Yesterday morning it was my great honor to witness a ceremony that has played itself out over the last couple hundred years. Almost 700 persons; different ages, different ethnicities, different nationalities, different cultures, different religious beliefs, different genders, and different orientations all stood at the Plano Convention Center to take the oath of citizenship in the United States of America. It was an extremely proud moment for all. I was there to support a friend of mine who immigrated from Nigeria to here. This person has known oppression and persecution in their home country because of their orientation. They have been ostracized and shunned by family members. They had little hope and a bleak future in their home country. They made their way to these shores with little to nothing. They came from a distant land seeking to be a part of what many of us take for granted every day. Their dream was realized yesterday morning as they stood and made their oath of allegiance.
It was a very special moment for my friend, and for me. As they recited the words, I thought of all they gave up to get to this moment in time. I thought about the hardships they’ve endured and the struggles they have overcome. In my mind, as I heard the words of the oath, I thought this is a place to be proud of. For our nation to live up to its ideals and its promise of this land being a place where all enjoy liberty and justice. No matter your skin color, no matter your race, no matter your country of origin, no matter who you love, and no matter your circumstance, this place accepts you and you pledge your support.
For those who are unfamiliar with the Oath of Allegiance, this is what it says:
“I hereby declare, on oath, that I absolutely and entirely renounce and abjure all allegiance and fidelity to any foreign prince, potentate, state, or sovereignty, of whom or which I have heretofore been a subject or citizen;
…that I will support and defend the Constitution and laws of the United States of America against all enemies, foreign and domestic;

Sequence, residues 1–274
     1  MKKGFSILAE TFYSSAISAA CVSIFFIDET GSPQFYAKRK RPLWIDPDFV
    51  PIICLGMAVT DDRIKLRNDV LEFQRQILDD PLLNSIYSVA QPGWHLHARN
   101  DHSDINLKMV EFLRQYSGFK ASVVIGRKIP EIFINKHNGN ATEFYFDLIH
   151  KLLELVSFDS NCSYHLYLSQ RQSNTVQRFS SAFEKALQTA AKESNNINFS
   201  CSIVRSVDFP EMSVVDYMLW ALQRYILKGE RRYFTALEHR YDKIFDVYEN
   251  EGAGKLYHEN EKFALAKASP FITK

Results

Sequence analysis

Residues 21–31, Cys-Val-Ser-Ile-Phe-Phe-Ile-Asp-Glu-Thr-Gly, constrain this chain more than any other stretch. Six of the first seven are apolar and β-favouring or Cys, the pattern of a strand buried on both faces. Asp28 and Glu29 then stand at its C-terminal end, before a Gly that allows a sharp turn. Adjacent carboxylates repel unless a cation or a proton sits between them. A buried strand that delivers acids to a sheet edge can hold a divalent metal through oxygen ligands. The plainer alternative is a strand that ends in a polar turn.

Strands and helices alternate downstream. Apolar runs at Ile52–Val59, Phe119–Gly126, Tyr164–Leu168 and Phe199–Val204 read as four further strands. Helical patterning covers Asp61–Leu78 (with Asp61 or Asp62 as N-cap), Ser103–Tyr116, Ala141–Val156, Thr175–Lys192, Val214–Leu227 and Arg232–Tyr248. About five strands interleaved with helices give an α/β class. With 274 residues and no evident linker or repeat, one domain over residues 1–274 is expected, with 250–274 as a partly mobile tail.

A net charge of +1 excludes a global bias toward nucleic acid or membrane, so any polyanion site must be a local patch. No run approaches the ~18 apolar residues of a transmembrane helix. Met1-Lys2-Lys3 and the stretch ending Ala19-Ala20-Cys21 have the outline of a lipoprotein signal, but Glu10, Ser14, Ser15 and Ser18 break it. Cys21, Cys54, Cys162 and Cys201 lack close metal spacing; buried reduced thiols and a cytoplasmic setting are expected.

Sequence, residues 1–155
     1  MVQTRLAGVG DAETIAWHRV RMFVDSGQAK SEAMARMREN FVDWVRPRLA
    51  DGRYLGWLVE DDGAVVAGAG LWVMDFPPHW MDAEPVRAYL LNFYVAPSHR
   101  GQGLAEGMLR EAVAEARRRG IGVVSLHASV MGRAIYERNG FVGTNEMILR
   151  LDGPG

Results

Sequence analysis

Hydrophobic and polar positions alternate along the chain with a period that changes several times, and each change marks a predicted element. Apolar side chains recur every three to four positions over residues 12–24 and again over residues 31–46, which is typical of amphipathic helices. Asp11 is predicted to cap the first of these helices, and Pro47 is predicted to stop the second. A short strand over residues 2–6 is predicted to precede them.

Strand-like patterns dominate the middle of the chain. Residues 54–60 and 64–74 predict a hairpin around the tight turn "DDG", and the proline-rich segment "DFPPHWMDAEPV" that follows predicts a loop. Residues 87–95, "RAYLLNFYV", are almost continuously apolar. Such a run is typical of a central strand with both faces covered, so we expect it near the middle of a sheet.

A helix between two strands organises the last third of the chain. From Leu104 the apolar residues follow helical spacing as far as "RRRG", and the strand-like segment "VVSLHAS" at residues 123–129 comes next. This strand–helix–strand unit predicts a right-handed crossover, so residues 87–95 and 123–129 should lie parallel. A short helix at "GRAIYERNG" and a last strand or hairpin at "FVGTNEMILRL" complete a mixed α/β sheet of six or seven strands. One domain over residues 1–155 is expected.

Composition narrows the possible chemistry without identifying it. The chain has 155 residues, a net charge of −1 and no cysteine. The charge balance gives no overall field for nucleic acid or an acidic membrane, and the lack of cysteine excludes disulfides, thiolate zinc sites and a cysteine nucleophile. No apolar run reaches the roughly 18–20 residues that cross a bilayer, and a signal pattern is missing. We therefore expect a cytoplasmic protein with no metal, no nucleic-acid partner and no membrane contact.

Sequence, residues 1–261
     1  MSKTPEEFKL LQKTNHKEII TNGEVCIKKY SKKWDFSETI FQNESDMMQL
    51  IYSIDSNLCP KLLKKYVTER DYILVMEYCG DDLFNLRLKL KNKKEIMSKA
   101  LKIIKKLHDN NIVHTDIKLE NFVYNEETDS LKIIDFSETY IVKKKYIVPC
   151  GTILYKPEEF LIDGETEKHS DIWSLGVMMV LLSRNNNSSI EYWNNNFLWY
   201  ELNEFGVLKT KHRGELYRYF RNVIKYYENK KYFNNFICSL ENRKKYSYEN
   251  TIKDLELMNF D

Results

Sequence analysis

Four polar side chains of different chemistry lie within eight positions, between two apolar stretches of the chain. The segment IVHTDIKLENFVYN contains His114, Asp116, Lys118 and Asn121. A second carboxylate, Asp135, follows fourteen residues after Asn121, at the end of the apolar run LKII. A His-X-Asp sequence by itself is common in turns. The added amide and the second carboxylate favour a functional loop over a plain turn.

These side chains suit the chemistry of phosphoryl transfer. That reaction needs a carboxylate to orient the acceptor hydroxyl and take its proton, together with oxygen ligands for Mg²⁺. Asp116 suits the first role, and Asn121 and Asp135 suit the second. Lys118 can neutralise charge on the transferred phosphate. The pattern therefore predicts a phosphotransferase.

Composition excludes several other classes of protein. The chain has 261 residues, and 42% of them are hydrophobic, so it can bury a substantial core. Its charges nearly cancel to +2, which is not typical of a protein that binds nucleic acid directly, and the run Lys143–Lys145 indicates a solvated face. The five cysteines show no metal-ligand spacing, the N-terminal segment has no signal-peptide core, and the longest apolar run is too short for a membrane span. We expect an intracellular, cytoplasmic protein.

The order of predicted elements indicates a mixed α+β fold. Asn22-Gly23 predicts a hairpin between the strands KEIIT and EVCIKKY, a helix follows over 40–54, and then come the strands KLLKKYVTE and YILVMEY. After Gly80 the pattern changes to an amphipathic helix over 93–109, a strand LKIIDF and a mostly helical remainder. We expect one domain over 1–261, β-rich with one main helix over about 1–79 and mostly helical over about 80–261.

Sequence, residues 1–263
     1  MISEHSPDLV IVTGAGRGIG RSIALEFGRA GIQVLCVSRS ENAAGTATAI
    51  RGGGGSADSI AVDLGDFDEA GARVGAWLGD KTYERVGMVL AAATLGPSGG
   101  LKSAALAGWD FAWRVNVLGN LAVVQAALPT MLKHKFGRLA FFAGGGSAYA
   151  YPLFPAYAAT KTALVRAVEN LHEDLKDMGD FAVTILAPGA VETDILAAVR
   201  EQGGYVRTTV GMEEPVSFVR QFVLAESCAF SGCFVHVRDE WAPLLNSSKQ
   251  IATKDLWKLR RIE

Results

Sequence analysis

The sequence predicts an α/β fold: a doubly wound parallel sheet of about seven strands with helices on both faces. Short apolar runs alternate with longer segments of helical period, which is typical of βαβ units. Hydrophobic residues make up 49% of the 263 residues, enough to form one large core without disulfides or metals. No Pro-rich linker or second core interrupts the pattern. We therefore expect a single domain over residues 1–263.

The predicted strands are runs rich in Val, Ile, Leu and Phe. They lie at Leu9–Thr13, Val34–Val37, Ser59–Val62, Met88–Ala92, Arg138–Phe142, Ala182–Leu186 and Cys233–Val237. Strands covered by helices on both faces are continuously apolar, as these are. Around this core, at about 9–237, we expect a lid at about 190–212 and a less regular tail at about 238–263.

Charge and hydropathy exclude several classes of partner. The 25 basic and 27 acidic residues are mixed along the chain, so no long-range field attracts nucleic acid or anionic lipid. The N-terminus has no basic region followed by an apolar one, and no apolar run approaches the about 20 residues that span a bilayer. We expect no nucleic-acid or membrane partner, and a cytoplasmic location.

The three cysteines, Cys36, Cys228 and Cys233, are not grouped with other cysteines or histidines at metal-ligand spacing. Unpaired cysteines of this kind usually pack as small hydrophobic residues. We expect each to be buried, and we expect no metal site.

…that I will bear true faith and allegiance to the same;
…that I will bear arms on behalf of the United States when required by the law;
…that I will perform noncombatant service in the Armed Forces of the United States when required by the law;
…that I will perform work of national importance under civilian direction when required by the law; and
…that I take this obligation freely, without any mental reservation or purpose of evasion; so help me God.”
This idea of acceptance and equality is hard-fought and hard-won for many. There are those who would attack this ideal for those they dislike or take issue with. It is a tenuous idea at best, always needing to be guarded and defended.
As my friend took their oath of allegiance, my mind wandered to another oath many of us have taken as well. Maybe you were a child or infant, too young to answer for yourselves and your parents and sponsors answered for you. When we become a Christian through baptism, we are asked some pretty serious questions…
“Do you renounce the spiritual forces of wickedness, reject the evil powers of this world, and repent of your sin?
Do you accept the freedom and power God gives you to resist evil, injustice, and oppression in whatever forms they present themselves?
Do you confess Jesus Christ as your Savior, put your whole trust in his grace, and promise to serve him as your Lord, in union with the church which Christ has opened to people of all ages, nations, and races?”
Some pretty grand ideals in this oath too, wouldn’t you say? When we look at how churches and parishioners live out this oath, we might find the reality is less than the ideal. Same as in our nation, the ideal many times is grander than the reality.
Even though we don’t seem to always live up to our expressed ideals and the oaths we pledge, they are worth more than anything else in all creation. Why? Because they remind us of what we hold dear, they call our attention to just how far short we fall, and how far we have yet to go.
Living into our oaths as a citizen, or as a person of faith, is our great challenge. I believe the nation we live in has the potential to be a shining city set on a hill that lives out its promises. I believe the Jesus I follow and pledge my faith to, continues to call me from where I’ve stumbled and fallen, urging me to make another step forward. Calling me beyond any notion of citizenship in this nation, to be a citizen of the kingdom of heaven.
We are striving to be a nation that supports each other in a common goal of freedom, liberty, justice, and equality for all. We are also members of a faith community which espouses and lives out a desire to love ALL persons in the way God has loved us. That love will urge us to reject evil, injustice, and oppression in whatever forms they present themselves.
As my friend has now become a citizen, I am so proud of their accomplishment and their desire to be a part of our national fabric. They attend and support their church. They give their time and treasure to further the message of Jesus. More than their citizenship, I’m proud of their dedication to following their faith in Jesus Christ.
May God continue to encourage our living out our oath to loving all persons as we have been loved.
Your fellow traveler on the Way,